Spring had sprung when Ben McMillen and Bridget Vilenica started to talk seriously about forging a business partnership.

But what to do?

While a few thoughts percolated, neither was certain of the direction to take. Then one day, McMillen, an avowed coffee drinker, and his aunt, an avowed non-coffee enthusiast, hit upon it. They’d start a coffee roastery, the first in Greene County.

“There was a need,” McMillen said, pointing out surrounding counties had at least one roastery, where coffee beans are roasted and likely sold fresher than the standard java displayed in grocery stores.

Neither knew beans about what they now aspired to do – in a Zoom meeting Wednesday, McMillen formed a large zero with his right thumb and index finger.

“Neither of us had any idea what we were doing a few months ago,” he said.

Yet they adhered to their plan, did a vat full of homework, experimented with their product and are now ready to go.

Hilltop Packs Coffee LLC will open for business July 21, at 1006 E. Greene St. in Waynesburg. The shop, which does not yet have outdoor signage, will occupy a room inside the space where McMillen operates his existing business, Hilltop Packs Backpacking and Hiking Gear.

This, most assuredly, will not be a Starbucks location, with tables, flavored drinks and culinary fare.

“You can buy whole bean, ground coffee and k-cups (regular and decaffeinated)” at the store, McMillen said.

Those selections also will be available outside of that space. The co-owners plan to market their wares at stores elsewhere in the region.

“We’re hoping individual businesses will put our bags on their shelves,” said Vilenica, retired circulation director of the Observer-Reporter and its weekly sister paper, The Almanac.

Hilltop Packs Coffee, according to its website, “will proudly donate a portion of our profits every year to protect public lands with an emphasis on hiking, backpacking and bike trails.”

Vilenica and her nephew learned how to roast coffee the old-fashioned way – try, try again. The duo began roasting in McMillen’s garage at home.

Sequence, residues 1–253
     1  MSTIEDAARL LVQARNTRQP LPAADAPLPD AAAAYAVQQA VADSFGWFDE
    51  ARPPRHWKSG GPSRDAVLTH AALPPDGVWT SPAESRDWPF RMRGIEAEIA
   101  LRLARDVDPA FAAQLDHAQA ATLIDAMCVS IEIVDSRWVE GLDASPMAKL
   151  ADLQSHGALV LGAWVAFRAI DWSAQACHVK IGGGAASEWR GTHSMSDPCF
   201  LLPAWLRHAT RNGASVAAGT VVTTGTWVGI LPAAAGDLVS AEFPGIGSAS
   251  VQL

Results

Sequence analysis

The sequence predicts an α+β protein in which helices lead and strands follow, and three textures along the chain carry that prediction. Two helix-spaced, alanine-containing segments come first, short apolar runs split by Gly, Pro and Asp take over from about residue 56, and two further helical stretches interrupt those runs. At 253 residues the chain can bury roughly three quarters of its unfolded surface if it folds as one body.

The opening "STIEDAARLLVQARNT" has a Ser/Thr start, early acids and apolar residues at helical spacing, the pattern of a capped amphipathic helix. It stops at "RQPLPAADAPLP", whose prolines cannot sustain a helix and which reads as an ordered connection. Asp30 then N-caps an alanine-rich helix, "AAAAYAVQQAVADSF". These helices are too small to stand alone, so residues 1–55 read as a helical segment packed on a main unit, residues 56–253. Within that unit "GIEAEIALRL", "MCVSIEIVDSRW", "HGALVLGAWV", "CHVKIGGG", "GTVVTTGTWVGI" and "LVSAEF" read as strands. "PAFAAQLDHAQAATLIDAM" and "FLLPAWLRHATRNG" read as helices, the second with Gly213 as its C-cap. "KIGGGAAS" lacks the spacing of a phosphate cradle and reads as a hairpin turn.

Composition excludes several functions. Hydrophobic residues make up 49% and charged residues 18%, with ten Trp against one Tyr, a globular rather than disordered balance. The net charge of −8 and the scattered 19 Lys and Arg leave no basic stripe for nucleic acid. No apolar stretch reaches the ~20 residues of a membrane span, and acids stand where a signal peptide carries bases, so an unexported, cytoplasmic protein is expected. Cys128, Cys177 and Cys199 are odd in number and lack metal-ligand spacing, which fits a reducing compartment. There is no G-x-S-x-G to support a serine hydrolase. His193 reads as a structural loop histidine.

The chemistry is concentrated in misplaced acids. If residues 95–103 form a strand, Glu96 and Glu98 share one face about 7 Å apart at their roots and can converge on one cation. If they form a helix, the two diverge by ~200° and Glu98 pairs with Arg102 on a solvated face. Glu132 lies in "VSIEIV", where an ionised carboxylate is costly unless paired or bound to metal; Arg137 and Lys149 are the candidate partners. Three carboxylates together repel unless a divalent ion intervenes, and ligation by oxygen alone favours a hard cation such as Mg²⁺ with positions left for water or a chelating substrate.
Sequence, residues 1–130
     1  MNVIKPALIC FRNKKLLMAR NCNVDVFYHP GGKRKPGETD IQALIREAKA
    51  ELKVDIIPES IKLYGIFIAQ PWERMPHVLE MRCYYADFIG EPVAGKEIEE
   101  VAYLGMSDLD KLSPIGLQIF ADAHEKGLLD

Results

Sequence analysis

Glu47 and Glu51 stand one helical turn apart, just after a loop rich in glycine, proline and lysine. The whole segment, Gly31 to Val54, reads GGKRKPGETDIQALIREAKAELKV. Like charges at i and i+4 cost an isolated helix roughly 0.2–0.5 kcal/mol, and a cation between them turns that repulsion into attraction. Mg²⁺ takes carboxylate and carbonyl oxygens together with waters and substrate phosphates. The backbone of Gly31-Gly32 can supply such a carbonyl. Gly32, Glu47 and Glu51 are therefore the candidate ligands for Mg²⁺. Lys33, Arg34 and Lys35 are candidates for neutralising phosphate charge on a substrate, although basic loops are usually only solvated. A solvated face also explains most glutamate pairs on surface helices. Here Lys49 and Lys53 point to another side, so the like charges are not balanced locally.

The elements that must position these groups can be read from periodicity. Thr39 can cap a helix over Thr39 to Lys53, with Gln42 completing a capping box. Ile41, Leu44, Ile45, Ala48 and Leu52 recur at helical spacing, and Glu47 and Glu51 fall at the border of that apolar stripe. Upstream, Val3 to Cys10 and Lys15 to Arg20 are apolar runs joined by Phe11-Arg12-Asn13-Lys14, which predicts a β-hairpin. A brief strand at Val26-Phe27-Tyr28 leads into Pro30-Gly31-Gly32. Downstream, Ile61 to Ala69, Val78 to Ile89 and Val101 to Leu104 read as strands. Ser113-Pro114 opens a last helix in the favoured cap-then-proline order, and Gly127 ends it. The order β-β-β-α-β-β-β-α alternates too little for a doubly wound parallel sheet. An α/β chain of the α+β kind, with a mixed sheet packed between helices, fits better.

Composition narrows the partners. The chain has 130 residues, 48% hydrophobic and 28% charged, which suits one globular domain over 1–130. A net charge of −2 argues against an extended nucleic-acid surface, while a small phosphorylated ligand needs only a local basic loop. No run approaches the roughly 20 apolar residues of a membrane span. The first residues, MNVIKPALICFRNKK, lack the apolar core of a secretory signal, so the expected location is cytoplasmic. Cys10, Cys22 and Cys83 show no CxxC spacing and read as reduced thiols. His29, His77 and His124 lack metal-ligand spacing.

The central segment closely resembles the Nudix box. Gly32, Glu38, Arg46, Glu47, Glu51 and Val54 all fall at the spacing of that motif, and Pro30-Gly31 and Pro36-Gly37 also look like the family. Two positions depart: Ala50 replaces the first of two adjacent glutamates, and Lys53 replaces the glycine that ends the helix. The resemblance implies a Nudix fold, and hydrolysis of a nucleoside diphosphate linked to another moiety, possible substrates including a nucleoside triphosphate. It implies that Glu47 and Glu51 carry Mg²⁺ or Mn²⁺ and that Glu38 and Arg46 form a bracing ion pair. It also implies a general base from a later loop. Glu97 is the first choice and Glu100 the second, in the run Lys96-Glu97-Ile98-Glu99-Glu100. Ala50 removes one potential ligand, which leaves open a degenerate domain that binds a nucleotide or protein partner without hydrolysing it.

“It is not an easy process, but we made a few tweaks and I think we eventually nailed it,” said McMillen, a father of three from Waynesburg.

Suppliers provide them with 65-pound bags of beans, which are green before they are roasted to dark, medium and light shades of brown.

Vilenica said 10 pounds of beans are deposited into the top of the roaster at about 430 degrees, with a mixture of heat and flowing air transforming the colors. They are then dumped into a cooling bin.

“There’s a 12-minute window for 10 pounds,” said Vilenica, who resides in Clarksville. “It’s so cool. I thought this would take an hour or so.”

McMillen said a lot of consumers are unaware of the coffee-roasting process, which, he said, requires “a lot of trial and error. There are a lot of things you can do that affect the taste of the beans. An extra minute or two can make a big difference.”

One thing they cannot do is add flavoring to beans, such as hazelnut or pumpkin spice.

Although neither owner believes they will adopt a sitdown concept, they are open to anything. They plan to sell mugs and T-shirts and host local tasting events.

“I feel we will have a niche in Greene County,” said Vilenica, who appears destined to become a cup of joe convert.

“I drank more coffee during the last four months than I did in all my years beforehand.”

Business Writer

Rick Shrum joined the Observer-Reporter as a reporter in 2012, after serving as a section editor, sports reporter and copy editor at the Pittsburgh Post-Gazette. Rick has won eight individual writing awards, including two Golden Quills.

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